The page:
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Does Sorry Have to be the Hardest Word?

AUTHOR(S): Tom Hayes
PRACTICE AREA GROUP: Healthcare
DATE: 19.11.2018

The recent adverse publicity in relation to CervicalCheck and wide ranging recommendations contained within the Scally report acts as a useful reminder to health service providers and medical practitioners concerning the risk of not being open and communicating as early as possible with patients when errors occur. Some practitioners are unsure whether they are obliged to inform patients when an error has occurred in medical treatment and many are terrified that if they do, they will risk litigation or a complaint to the Medical Council. Presently the law leaves disclosure of adverse incidents to a health service provider’s discretion[1]. 

However, new proposed legislation contained in Patient Safety Bill 2018 (the "Bill”) provides for mandatory disclosure of serious patient safety incidents. Significantly, health service providers who fail to make a disclosure which is mandatory under the Bill could face up to a €7,000 fine and 6 months imprisonment[2]. However, in certain specific circumstances when a disclosure is made, it cannot be used as evidence of liability or fault during litigation or for the purposes of Medical Council complaints. This legal protection for medical practitioners is aimed to encourage a culture of open disclosure.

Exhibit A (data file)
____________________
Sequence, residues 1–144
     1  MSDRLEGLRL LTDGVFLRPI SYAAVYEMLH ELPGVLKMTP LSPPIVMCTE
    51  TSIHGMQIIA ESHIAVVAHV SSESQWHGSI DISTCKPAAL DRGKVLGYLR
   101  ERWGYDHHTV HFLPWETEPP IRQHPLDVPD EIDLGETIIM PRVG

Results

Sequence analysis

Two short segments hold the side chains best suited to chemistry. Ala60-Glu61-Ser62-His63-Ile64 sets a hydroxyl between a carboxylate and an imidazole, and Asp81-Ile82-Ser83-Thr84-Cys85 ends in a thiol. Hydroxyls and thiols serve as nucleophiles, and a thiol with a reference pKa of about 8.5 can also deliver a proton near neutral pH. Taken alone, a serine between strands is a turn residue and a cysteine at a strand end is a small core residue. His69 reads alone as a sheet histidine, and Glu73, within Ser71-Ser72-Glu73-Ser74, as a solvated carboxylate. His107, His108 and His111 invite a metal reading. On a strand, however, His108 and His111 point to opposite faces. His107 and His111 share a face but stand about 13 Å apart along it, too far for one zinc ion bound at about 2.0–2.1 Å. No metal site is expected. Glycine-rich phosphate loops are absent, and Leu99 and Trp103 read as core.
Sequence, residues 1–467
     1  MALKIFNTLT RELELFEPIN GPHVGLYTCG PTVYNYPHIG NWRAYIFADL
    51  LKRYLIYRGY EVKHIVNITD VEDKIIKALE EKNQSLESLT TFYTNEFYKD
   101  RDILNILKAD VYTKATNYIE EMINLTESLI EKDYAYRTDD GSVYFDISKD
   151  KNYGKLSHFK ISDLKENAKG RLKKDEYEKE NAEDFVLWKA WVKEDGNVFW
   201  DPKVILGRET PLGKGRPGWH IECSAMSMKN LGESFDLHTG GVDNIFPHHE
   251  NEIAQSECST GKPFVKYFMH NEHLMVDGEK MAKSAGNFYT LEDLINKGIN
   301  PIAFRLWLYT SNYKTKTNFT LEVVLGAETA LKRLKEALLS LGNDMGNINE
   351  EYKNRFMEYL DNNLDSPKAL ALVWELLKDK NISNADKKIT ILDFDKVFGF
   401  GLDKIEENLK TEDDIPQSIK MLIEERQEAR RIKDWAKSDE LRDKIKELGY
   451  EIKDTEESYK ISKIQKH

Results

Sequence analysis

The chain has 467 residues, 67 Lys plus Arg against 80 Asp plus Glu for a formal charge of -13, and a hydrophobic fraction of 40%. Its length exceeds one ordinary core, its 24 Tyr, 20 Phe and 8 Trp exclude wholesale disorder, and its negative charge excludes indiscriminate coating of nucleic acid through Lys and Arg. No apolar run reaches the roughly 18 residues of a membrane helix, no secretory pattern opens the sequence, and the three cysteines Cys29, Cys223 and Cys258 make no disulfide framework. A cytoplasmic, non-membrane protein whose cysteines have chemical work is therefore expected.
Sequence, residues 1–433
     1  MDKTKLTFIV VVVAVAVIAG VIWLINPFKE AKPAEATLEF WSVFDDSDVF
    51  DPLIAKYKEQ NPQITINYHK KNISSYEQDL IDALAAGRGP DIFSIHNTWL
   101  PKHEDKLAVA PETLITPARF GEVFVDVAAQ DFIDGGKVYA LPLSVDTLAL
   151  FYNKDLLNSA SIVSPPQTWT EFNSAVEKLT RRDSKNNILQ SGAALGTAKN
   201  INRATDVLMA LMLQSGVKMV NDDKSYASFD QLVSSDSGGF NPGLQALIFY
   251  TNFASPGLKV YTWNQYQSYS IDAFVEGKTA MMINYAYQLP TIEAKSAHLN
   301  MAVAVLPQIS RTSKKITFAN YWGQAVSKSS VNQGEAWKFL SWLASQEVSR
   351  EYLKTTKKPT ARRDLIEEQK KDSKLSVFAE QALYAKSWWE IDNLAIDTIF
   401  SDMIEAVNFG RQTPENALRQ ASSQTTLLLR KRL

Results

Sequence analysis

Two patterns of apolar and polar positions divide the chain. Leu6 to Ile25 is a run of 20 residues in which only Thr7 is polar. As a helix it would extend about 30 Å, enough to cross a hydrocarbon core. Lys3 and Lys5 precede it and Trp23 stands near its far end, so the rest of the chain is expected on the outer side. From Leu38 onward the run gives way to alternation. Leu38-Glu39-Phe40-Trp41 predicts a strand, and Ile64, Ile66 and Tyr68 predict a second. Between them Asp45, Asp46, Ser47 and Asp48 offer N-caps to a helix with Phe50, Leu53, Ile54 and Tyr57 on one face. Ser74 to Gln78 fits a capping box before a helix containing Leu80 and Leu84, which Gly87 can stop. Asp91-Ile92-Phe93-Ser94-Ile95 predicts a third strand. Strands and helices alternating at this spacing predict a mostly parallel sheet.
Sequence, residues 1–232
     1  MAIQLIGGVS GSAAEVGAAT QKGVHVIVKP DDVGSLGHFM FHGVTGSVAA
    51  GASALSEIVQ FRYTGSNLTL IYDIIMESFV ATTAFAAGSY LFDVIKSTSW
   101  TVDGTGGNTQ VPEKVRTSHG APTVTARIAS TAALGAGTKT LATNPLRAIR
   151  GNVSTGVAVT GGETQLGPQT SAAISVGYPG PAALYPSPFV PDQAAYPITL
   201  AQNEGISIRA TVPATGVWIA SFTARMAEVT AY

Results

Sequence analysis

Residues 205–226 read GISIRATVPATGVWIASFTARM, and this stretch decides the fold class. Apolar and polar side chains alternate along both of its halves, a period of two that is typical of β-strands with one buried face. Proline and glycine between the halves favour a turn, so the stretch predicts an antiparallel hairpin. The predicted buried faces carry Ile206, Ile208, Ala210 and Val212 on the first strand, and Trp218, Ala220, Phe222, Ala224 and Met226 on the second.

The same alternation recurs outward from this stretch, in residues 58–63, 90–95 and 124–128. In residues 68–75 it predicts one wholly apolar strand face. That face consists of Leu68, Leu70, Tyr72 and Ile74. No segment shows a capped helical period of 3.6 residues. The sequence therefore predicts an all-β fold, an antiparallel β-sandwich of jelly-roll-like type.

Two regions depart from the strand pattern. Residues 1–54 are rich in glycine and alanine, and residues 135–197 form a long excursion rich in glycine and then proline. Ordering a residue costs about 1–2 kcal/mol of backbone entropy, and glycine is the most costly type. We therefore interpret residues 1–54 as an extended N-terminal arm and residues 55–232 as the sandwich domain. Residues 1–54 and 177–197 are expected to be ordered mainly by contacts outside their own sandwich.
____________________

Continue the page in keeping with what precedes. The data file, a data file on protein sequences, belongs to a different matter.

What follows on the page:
The Bill sets out the circumstances in which mandatory open disclosure is to be made to the patient, the State Claims Agency and HIQA / the Mental Health Authority[3]. Open disclosure must occur when a “serious patient safety incident” happens. While specific incidents are to be prescribed in further Regulations, the Bill gives an indication of the sort of patient safety incidents which will be considered “serious” enough to require disclosure. The Bill proposes that a “serious patient safety incident” should include incidents which lead to:

  • death
  • loss of bodily or sensory function
  • a change to a person’s body structure